As the years pass, seniors become more susceptible to health problems like high blood pressure, heart disease, diabetes, cancer and chronic obstructive pulmonary disease (COPD). Often symptoms of these illnesses aren’t immediately recognizable. As a first line of defense, the annual checkup with your personal physician can identify these conditions when they are more treatable in their earlier stages.

Each Checkup is Unique

The “routine” checkup is anything but routine. Many factors, including age, health challenges, patient medical history, family medical history, medications, ongoing or recent symptoms, stress levels, and cognitive issues, will determine specific areas your physician will want to evaluate.

Your physician may run tests designed to determine if silent but serious conditions are beginning to arise, like:

  • A cholesterol screening called a lipid panel, which evaluates risk for heart disease or stroke
  • A blood count, which can detect infections, anemia, and certain cancers
  • A blood pressure check, which will be more frequently monitored as a person ages, especially if they have a history of blood pressure problems
  • A diabetes screening, particularly for anyone who is obese or has a family history of diabetes

Other tests based on age, sex, and health concerns may include:

  • A colon cancer screening
  • A pelvic exam and Pap smear
  • A mammogram
  • A bone density screening
  • A prostate screening
  • Skin examinations
  • Hearing and vision testing

Checkup Checklist

To make the most of a visit with a physician, a senior should come prepared to be an active participant:

  • Bring a notepad to write down questions, and record your physician’s recommendations and instructions
  • Prepare to ask your most important questions first in case you run out of time during the appointment
  • Bring a friend or relative as a second pair of ears
  • Bring a list of your current medications and dosages, and the dates of your recent vaccinations
  • Know the health history of you and your family
  • Share your diet, exercise program, sleep patterns, and any anxiety or depression you may be experiencing
  • Share recent changes in your health or reactions that may be related to your medications
  • Be able to tell your physician what specialists you have seen
  • Be honest and open about your health concerns even if you feel embarrassed about discussing them
  • Ask the physician questions if you do not understand something he or she has said

When visiting a physician’s office during the COVID-19 pandemic, seniors should do the following:

  • Schedule your appointment by phone or online
  • Wear a mask
  • Maintain social distancing
  • Bring hand sanitizer to use before, during, and after your visit
  • Avoid touching your face

Some physician offices have scheduled appointments to minimize contact between people in the waiting room. Ask your physician office what might be the best time and day to schedule a visit to reduce your risk.

Making Best Use of Your Time with the Doctor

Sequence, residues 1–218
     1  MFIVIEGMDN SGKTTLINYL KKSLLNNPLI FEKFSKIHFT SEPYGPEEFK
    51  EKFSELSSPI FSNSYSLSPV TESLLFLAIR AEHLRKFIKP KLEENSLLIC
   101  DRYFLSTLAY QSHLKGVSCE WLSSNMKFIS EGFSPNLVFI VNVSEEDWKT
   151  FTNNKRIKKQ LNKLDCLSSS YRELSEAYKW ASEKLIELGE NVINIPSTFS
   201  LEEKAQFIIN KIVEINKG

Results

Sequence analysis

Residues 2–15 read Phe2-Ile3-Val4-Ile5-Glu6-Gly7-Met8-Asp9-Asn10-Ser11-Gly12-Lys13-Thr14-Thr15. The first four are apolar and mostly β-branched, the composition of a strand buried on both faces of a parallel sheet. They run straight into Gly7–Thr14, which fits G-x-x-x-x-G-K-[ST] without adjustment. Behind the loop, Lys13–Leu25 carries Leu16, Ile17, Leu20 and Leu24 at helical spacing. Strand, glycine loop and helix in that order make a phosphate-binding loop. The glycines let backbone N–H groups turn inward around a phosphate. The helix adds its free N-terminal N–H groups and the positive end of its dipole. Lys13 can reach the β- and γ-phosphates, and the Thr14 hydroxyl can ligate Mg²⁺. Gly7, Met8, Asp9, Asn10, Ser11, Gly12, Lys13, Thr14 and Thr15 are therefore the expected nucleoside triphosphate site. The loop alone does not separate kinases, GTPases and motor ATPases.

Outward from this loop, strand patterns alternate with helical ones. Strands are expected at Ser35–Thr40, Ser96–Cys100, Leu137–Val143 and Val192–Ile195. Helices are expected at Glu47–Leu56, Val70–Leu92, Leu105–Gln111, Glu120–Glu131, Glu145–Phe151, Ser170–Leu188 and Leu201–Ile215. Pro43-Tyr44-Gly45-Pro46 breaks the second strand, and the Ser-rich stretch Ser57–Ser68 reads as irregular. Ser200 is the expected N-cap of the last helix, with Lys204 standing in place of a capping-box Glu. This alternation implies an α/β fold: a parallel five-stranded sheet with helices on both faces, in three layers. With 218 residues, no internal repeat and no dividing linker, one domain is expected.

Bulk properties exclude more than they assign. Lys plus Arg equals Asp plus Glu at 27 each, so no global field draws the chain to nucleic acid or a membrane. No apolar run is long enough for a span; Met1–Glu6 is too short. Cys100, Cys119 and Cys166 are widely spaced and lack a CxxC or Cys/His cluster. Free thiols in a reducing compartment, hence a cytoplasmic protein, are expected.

This is a time for you and your physician to catch up and make a plan for your health. Are you caught up on all your screenings? Are your medications working or do they need to be changed? What suggestions does he or she have for changes in your diet or exercise? Review next steps at the end of the appointment.

Don’t assume that your physician, even one in possession of your medical records, knows everything about you. To make the most of the time with any physician requires a sharing of information and questions.

Is Telemedicine an Option?

Telemedicine (sometimes called telehealth) enables health care providers to remotely deliver clinical health services and information via video communications. It is a vital and increasingly used connection between senior adults isolated during the pandemic and health care professionals.

The use of telemedicine is a viable alternative to in-person appointments when monitoring chronic illnesses, medication management, minor infections, sleep problems, and pain, as well as other health concerns. If a patient just has questions for a doctor, it works well. However, some elements of a checkup require physical examinations or lab work that are obviously not possible through a video connection.

Checkup Benefits

Regular checkups can catch and treat health problems before they become more serious and more expensive. Staying up-to-date on one’s health can also be reassuring. Further, your physician can educate you on how to avoid illness or deal with it more effectively. The more your physician knows about your health, the better he or she can manage and coordinate your care.

Finally, checkups build bonds of trust and understanding between the patient and doctor. You’ve talked, shared information, expressed concerns, and dealt with challenges together. In the process, you have learned how to communicate more effectively with each other. That can only improve your checkup experience in the future.

After your annual checkup, be sure to keep visiting our blog for more health and wellness tips throughout the year.